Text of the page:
Florence Project Decries Biden Administration’s Proposed Rule Further Restricting Access to Asylum 

Phoenix, AZ – On the eve of the one-year anniversary of the implementation of the Biden administration’s asylum ban, the administration has introduced a new proposed rule further restricting access to the asylum process in the United States. The rule would allow immigration officials to fast track the removal of certain people without ever seeing a judge. While the stated intent of the rule is to remove people considered a national security risk more quickly, the reality is that these bars are actually extremely complicated to apply and, yet, this rule would allow the government to apply a lower standard of proof in cases involving these potential bars while at the same time denying individuals any meaningful opportunity to rebut the accusation that the bar should apply. A person seeking asylum would be required to prove there is a “significant possibility” that they would be able to establish that the bar in not applicable to them. 

In response, Florence Project Legal Director Laura St. John said: “This is yet another policy that makes it more difficult for people to simply access the legal process to request asylum and prioritizes false notions of efficiency over due process. Despite the administration’s claims, this will not increase efficiency in border processing or in court, but it will lead to people with deserving claims getting turned away from ever having the opportunity present their case to an immigration judge in court. This is akin to telling people they need to show up to the emergency room prepared with x-rays and CAT scans to prove that they need to see a doctor. The emergency room might be less crowded, but only because people will not be receiving the care they need.”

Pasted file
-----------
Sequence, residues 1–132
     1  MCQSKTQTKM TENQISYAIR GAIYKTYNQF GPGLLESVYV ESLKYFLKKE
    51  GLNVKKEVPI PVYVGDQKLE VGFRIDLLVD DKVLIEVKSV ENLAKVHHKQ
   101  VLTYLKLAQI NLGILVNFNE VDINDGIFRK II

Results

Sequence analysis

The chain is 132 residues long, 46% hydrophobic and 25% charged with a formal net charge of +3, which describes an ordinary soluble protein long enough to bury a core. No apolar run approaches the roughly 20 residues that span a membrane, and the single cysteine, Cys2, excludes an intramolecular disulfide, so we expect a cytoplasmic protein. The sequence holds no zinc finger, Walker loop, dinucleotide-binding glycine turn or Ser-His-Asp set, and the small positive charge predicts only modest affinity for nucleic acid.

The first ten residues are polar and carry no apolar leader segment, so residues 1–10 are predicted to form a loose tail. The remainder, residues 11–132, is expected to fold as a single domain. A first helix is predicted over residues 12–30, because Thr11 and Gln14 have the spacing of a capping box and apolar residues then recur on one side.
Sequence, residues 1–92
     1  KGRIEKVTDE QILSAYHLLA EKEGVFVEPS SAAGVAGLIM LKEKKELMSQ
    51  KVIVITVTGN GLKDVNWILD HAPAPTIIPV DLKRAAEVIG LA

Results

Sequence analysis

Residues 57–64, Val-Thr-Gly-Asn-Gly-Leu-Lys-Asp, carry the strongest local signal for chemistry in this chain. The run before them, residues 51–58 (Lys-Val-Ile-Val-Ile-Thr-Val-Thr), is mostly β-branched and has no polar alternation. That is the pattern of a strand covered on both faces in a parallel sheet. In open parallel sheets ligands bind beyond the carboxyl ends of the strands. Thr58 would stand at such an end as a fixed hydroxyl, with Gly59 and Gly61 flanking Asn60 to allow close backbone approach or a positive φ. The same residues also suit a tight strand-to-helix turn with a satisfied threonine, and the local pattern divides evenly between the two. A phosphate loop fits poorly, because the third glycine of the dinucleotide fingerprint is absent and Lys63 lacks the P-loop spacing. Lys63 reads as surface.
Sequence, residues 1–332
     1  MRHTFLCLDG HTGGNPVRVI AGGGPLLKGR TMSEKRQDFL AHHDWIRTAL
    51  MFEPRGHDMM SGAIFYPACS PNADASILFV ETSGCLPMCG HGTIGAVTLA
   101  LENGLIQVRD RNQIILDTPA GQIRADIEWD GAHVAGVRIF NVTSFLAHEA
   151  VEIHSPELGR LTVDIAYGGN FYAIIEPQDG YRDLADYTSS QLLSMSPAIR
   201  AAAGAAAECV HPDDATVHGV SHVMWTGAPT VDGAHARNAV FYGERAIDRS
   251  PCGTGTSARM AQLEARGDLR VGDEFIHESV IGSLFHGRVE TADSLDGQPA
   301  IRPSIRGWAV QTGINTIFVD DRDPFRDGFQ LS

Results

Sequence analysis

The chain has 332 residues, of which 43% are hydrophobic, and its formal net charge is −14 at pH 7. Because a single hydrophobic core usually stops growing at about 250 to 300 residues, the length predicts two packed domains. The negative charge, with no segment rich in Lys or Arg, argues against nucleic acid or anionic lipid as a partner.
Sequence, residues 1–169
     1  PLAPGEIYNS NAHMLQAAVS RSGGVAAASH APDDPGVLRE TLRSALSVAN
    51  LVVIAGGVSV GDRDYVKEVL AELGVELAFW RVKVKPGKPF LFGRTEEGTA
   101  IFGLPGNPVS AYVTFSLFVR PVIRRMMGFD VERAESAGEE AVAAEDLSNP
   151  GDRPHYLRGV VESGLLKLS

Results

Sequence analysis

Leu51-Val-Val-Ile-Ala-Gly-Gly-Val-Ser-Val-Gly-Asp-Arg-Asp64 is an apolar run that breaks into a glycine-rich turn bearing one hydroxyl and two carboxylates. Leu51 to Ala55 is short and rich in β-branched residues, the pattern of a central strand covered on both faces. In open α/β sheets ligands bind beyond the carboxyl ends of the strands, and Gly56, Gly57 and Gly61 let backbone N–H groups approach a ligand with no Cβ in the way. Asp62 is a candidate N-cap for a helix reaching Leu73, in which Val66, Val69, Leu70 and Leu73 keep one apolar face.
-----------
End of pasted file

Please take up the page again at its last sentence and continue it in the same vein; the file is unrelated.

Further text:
Applying bars at the credible fear screening stage does not increase efficiency, it just violates people’s right to due process as they are typically detained and without legal counsel at this stage. This is particularly true because applying these bars is not as straightforward as it might initially seem. They are legally complex, very fact-specific, and extremely broad, and as Human Rights First has reported, often incorrectly applied.  

“As we reflect on one year of the asylum ban, we are deeply dismayed to see the Biden administration enacting further restrictions on asylum rather than committing to lifting the ban and restoring meaningful access to a process for people who need protection,” St. John said. “The ban has put people in dangerous situations by restricting access to the asylum process, and this new proposed bar will do the same.”